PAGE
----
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Interview by Jason Mousseau

"Digging at High North ski camp was hands down the best 6

years of my life.When you first start digging,

its just for the undying love and passion towards the sport of skiing. Each

dig crew is made up of a bunch of people from around the world that just love

the sport more than anyone else you can imagine. You work for free, work long

hours, party hard, ski hard, and get to build some of the best parks out

there. It's an opportunity to make amazing connections, and close friends that

you'll have for the rest of your life. Hell if I was going to be picking a

crew to go to war with, I know that I'd call on my old dig crew as the loyalty

and camaraderie runs ridiculously deep.You

should always remember that your camp experience would suck ass without the hard

work of a dig crew. The diggers cluster at the bottom of Wizard chair before

7:00am every morning, and get up there by 8 so you can have a fresh park ready

for sessioning when you get there. You wouldn't believe how much the snow melts

every single night up on that damn glacier... hah and how hard it is to carry a

fucking sound system or generator up the chairlift. With no diggers there

would be no ski camp.So to diggers everywhere,

we should all band together and utter a moment of appreciation for those who

work their balls off and make our sport better every single day."-Doug Bishop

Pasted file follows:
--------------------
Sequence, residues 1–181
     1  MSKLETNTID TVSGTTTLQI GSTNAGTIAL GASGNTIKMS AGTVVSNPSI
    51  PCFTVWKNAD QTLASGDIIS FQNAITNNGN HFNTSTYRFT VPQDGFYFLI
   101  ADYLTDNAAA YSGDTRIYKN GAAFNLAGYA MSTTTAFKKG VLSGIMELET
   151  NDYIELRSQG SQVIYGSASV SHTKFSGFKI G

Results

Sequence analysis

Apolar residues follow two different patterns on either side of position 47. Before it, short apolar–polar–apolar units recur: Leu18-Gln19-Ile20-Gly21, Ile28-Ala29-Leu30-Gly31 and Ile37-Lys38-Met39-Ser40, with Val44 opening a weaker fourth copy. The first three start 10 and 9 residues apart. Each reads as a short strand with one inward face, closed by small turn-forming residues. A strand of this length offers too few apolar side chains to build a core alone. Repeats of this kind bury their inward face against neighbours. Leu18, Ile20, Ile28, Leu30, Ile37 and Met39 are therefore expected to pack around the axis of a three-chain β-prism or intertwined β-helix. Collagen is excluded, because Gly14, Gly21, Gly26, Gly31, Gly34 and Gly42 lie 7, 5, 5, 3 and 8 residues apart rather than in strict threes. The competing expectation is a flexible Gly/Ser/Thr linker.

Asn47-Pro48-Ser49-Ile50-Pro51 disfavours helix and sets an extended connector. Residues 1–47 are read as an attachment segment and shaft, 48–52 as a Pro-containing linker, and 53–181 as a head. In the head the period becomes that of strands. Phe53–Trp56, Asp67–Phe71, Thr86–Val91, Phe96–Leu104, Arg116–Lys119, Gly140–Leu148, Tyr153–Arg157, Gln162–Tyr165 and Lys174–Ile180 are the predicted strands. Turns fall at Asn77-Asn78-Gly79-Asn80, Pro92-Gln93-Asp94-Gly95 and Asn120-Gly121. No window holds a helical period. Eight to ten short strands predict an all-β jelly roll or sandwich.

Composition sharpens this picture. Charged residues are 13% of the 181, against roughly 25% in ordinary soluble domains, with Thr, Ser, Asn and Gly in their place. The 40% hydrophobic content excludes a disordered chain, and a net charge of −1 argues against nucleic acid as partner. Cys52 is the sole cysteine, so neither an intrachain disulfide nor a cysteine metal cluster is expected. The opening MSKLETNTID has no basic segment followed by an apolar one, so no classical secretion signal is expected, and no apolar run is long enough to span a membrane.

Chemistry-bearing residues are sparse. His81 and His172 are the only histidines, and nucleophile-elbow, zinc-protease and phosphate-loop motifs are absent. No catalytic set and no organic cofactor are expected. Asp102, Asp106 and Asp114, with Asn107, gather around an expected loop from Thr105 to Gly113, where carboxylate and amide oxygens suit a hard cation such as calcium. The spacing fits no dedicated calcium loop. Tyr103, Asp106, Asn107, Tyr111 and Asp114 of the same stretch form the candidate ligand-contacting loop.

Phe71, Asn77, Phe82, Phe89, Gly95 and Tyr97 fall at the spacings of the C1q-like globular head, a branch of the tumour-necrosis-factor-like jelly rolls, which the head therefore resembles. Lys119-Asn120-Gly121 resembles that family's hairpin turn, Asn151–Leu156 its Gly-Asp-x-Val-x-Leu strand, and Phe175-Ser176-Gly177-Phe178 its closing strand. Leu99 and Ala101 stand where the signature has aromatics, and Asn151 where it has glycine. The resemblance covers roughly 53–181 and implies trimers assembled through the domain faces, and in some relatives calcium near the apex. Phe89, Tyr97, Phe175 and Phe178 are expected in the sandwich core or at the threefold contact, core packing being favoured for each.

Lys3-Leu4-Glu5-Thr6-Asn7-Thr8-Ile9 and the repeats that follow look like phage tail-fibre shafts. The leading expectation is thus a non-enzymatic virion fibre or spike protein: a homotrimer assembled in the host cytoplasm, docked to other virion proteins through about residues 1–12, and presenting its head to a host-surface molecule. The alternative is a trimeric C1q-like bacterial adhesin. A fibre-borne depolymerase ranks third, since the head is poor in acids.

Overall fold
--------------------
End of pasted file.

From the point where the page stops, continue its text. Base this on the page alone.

Bailey Mitchell, Cam Archer and Carl Fortin can build the best summer park in the world, can shred it like they own it, and probably party a lot harder than most of you. They pretty much have the ultimate summer job, and I know many of you would kill to have a shot at being a digger at Camp of Champions and are wondering how and what it takes to be one of the few.I sat down with the trio of diggers, and brought my friend Jack, some Dudes and a couple shitty kitties to thank them for working their asses off everyday to keep the campers and coaches happy (and media!).

How old do you have to be to be a camp digger?

Cam: It really doesn't matter. You can be an up and coming skier with a digging job at a summer camp, or you can be a veteran who has pretty much evolved terrain parks as we know it.

Bailey: Being of legal drinking age is usually a good idea though partying is practically a job requirement.

How much are you paid?

Bailey: Fairly good for what we do. It can be hard work, but it's obviously a lot of fun. I'm reluctant to say because our Momentum friends might get jelous.

Cam: I like my pay checks, do you Carl?

Carl: I love it.

Haha enough said.

Carl: We get by just fine.

How often do you get to ride?

Carl: Usually about half a day. In the morning when we get up we shape and salt all the features, do a couple laps, then have lunch. In the afternoon we do a maintenance lap while everyone is eating lunch then ride till it's time to leave; in which we throw a bag of salt and get out of there.

Bailey: It depends on how hard you want to work. Some days we pick a feature and spend most of the day pimping it out for a photo shoot or something, maybe just for fun too.

Cam: Also, the park is groomed every night so there isn't usually too much maintenance needed other than salting and smoothing take-offs.

What are your favorite features?

Bailey: The jump line is really good, the medium jump line is really good, the rail line is really good...

Carl: But what do you hit the most?

Bailey: I'd say the rail line just because there is so much to do. There's about ten options from top to bottom.

Cam: And you Carl?

Carl: Probably the second jump, 60 feet, it's perfect... pretty much all the big jumps and the hips are a lot of fun.

Cam: My favourite feature I must say would be the donkey-dick rail, cause it will give it to you real hard, but mostly because you can spin really nicely off of it. Also the wall ride, the way we had it set up the first week it was perfect- watching Gus toss those 450's off of it was so sick.

How does input for the park design work?